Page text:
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Dead Poets Society.The cloistered nature of a boarding school adds impact to the films exploration of conformity. Discuss.

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The cloistered nature of a boarding school adds impact to the film's exploration of conformity. Discuss. Conformity caused by subconscious influences as well as direct and overt pressure is investigated thoroughly in the movie, 'Dead Poets' Society'. The director, Peter Weir uses fundamental aspects of the film to convey and develop of this main theme. It is through the setting of Welton Academy and its surroundings, the movie shows that the influence of institutional values is constricting and almost claustrophobic. The audience are able to further understand the development of conformity and individuality. The predominant setting undoubtedly depicts the restriction of personal freedom in Welton Academy. The rigid structure of the school with high interior walls and ceilings, shown in high angle camera shots, exemplifies the power and authority of the administration on the students. Furthermore, the dull colours of the buildings and the stiff architecture of Welton Academy portray a sense of formality and discipline. The images of students, wearing the same monotonous coloured uniform and moving around in classrooms, corridors and dormitories demonstrate the loss of students' individuality since they seem to blend into the background. ...read more.


This image of personal freedom and individuality is clearly depicted while conformity is prevalent in Welton Academy. The contrasting images of the natural environment and the students of the boarding school, who are within the restriction of administration, accentuate the immense influence of conformity in Welton Academy. Therefore, Peter Weir shows the constraints in personal liberty of students in Welton Academy through various kinds of visual techniques However, Peter Weir also uses audio to illustrate this main theme: conformity versus nonconformity. The first music the audience hears, when the movie is introduced, is the traditional sound of bagpipes, emphasising how the school enshrines traditional values, which is sometimes seen as restricting. When entering the classroom, John Keating whistles 1812 Overture by Tchaikovsky, who was an eminent Russian composer of Romantic era. Furthermore, "Joyful, Joyful We Adore Thee" in Beethoven's 9th Symphony is played during the soccer game, in which the students exalt and praise John Keating. However, during other times such as in class rooms and corridors, no music is heard except for the loud boisterous voices of the authoritarian teachers. ...read more.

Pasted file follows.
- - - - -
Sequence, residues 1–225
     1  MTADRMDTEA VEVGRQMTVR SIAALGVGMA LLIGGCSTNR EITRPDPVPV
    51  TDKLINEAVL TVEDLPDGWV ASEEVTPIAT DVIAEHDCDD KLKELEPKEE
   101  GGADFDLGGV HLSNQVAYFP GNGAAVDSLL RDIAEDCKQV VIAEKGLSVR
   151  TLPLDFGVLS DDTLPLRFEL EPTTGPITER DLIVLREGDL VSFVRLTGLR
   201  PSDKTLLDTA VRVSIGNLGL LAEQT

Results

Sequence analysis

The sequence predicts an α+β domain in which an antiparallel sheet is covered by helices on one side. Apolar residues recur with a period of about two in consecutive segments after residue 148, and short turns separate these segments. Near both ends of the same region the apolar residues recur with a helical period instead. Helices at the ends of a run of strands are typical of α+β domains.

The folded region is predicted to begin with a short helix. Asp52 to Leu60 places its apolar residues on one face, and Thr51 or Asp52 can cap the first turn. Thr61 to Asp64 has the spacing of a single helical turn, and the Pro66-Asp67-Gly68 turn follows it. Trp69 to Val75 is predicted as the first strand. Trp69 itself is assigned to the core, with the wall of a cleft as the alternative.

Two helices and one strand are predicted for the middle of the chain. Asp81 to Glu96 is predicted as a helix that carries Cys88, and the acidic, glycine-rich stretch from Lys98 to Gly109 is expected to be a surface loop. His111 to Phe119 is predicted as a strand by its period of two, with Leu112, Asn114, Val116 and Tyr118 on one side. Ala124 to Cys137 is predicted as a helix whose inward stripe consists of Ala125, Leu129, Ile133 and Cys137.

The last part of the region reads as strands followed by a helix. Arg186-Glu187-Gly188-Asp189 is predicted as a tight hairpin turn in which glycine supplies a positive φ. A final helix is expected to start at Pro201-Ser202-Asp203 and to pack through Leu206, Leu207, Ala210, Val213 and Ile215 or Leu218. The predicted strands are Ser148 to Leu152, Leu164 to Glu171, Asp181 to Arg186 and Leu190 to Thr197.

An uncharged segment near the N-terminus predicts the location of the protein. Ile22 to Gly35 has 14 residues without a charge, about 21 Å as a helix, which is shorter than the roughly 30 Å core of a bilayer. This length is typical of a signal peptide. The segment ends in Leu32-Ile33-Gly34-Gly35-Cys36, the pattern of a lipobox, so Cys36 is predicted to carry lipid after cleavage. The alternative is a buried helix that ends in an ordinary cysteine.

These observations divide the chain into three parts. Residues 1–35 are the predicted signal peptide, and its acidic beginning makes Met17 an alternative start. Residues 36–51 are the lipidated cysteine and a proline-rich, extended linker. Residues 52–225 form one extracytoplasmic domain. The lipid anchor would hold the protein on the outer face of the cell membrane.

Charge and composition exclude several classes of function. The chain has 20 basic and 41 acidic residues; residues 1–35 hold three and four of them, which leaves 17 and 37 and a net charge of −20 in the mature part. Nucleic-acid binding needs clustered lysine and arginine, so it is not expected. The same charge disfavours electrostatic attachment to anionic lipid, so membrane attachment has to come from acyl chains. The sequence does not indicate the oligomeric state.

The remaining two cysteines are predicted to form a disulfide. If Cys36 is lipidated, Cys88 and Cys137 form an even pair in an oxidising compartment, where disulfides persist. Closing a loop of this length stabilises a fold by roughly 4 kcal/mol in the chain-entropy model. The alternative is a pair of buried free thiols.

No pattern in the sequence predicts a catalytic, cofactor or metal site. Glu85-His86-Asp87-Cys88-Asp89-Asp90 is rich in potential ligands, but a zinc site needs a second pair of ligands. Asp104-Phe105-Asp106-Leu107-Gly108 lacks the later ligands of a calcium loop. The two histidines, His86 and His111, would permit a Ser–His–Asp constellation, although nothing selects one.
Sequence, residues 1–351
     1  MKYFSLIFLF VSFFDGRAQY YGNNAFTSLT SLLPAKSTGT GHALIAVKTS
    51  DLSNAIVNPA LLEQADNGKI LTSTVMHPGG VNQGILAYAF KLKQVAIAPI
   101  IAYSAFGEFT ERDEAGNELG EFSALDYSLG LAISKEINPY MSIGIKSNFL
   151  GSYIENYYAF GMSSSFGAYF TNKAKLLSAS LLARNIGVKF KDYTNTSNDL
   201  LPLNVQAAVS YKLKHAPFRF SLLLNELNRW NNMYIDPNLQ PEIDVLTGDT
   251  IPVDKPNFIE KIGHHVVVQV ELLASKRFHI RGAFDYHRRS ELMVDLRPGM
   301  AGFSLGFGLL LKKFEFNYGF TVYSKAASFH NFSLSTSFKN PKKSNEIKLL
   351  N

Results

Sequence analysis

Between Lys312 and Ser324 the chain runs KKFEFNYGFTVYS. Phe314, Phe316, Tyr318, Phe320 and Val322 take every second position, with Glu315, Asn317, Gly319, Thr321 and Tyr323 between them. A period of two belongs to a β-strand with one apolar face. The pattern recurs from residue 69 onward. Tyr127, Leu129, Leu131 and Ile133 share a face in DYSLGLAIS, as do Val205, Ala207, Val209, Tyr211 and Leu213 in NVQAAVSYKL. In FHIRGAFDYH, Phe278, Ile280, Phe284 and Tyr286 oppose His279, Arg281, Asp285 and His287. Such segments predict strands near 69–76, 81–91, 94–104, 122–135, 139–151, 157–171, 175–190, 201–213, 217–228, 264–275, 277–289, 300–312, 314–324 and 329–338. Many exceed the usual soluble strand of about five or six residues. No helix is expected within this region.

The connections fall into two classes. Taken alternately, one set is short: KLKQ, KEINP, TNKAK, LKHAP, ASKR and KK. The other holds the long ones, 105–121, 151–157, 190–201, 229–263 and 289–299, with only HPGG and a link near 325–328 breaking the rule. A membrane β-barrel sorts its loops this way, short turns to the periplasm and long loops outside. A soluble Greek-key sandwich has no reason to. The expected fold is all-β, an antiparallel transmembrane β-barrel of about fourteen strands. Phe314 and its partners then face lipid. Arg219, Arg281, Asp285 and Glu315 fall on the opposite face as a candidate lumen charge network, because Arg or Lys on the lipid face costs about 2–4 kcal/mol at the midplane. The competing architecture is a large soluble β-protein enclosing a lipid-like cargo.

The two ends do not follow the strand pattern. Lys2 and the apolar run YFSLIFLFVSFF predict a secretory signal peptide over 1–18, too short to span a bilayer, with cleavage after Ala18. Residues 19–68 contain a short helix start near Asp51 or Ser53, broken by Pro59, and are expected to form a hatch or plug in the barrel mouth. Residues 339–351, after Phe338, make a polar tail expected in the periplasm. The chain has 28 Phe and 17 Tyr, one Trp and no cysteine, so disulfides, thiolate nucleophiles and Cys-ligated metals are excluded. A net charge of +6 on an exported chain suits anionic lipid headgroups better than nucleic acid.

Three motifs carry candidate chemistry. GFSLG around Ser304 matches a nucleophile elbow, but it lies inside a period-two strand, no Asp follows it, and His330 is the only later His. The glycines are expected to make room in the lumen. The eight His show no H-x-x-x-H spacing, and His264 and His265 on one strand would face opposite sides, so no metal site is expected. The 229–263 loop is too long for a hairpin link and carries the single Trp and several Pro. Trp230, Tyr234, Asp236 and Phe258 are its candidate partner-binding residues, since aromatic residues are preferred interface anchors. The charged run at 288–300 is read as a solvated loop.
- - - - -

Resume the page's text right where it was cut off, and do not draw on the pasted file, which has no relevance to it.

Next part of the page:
This further allows them to express themselves that would never be accepted within the rigid discipline and tradition of the Welton Academy. The eerie atmosphere developed in the film, created by the smoke and the isolation of this dark cave, suggests that these actions of the boys are somehow forbidden. This also symbolises that this is the start of the fight for personal freedom and individuality, which will challenge the constricting values of Welton Academy, because "it is not too late to seek a new world". Moreover, the images of dark silhouettes hurrying across the landscape at night give an impression of some monks escaping into the nature from a monastery. This clearly illustrates that conformity is stringently upheld in the boarding school. Peter Weir skilfully establishes the restrictive role of the institution's values through the repeated shots of cloistered environment as well as the constricted composition of the Welton Academy. The contrast between conformity and nonconformity is demonstrated through the vivid images of autumnal scenes and the claustrophobic aura of the boarding school's interior. Thus the movie, "Dead Poets' Society" clearly encapsulates conformity through many audio-visual techniques. ...read more.

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